46. At the forefront of their submissions on behalf of Dame Shirley Porter and Mr Weeks counsel advanced an argument to the effect that whatever the impropriety or unlawfulness of their clients' purpose and motive this did not render the decision of the Housing Committee on 8 July 1987 unlawful. That was a decision lawfully made by the members of the committee (not including Dame Shirley Porter and Mr Weeks) for lawful housing reasons, untainted by the unlawful designated sales policy, and accordingly anything which happened thereafter was not attributable to any unlawful motivation on the part of Dame Shirley Porter and Mr Weeks. As Schiemann LJ made plain at pp 1451-1453 of his judgment, this was an argument which particularly impressed him (although he made plain at p 1453 that he did not accept that Dame Shirley Porter had been either dishonest or improperly motivated). In my opinion this argument must be rejected. It is an agreed fact (recited in paragraph 14 above) that once the city-wide designated sales policy had been adopted by the majority party it was to all intents and purposes bound to be approved by the committee. The auditor concluded (p 325 of his decision, para 885):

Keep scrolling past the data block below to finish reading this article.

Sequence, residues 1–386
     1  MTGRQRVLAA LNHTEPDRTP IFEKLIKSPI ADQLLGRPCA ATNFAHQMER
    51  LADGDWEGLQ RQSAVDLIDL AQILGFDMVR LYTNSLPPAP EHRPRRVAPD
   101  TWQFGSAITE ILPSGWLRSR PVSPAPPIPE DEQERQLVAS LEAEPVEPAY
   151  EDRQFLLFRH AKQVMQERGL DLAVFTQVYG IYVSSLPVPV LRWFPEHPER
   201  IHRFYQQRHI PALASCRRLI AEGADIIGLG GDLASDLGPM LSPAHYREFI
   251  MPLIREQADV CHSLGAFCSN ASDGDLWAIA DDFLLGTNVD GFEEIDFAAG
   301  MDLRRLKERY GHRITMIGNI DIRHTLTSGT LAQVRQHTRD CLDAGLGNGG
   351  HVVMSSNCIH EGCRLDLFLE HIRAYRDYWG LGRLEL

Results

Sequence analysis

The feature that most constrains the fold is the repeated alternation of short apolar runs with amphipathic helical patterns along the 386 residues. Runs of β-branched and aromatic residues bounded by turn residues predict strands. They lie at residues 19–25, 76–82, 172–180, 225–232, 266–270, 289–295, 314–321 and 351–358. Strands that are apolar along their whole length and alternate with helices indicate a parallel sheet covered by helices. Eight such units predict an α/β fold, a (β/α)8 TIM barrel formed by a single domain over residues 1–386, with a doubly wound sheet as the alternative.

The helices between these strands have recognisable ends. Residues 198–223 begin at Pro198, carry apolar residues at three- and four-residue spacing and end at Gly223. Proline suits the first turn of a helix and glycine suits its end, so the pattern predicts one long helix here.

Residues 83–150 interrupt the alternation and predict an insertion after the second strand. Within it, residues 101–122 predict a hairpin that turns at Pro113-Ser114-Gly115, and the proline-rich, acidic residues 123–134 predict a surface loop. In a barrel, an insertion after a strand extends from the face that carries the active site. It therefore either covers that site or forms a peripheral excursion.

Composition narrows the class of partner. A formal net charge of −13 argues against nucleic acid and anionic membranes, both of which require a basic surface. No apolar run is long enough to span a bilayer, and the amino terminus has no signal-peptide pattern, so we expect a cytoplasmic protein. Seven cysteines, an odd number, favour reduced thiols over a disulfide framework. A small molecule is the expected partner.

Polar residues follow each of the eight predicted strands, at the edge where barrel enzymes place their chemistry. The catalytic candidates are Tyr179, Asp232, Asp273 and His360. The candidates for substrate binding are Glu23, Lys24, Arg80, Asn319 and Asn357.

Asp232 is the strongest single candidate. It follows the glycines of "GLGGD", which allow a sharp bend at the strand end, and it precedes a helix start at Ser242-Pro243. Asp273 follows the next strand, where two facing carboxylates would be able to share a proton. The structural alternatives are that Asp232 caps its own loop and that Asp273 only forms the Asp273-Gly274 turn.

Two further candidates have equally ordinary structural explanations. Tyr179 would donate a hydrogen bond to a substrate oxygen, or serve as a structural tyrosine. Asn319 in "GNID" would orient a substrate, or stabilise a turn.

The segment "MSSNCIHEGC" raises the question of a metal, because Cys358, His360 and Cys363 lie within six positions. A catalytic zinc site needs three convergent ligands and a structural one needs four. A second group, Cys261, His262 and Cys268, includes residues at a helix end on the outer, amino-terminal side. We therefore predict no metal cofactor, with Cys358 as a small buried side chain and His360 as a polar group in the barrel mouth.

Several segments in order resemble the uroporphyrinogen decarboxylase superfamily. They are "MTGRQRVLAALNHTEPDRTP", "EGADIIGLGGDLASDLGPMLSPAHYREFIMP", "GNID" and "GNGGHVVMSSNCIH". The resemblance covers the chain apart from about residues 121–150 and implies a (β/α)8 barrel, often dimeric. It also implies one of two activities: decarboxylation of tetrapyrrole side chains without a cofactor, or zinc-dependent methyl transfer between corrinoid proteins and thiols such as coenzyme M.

The conclusion of the Divisional Court on the committee's decision of 8 July 1987 (at p 181) is one that I would, for my part, accept:
47. If however it is appropriate to inquire into the motivation of the majority party members who voted for option 3 in the committee on 8 July 1987, the conclusion does not assist Dame Shirley Porter and Mr Weeks. Whatever his own reasons for supporting that option, Mr Hartley was very well aware of the purpose which underlay the policy. He was, as already noted, found guilty of misconduct by the Divisional Court. In the auditor's decision he said that the late Dr Dutt, who was Vice-Chairman of the committee,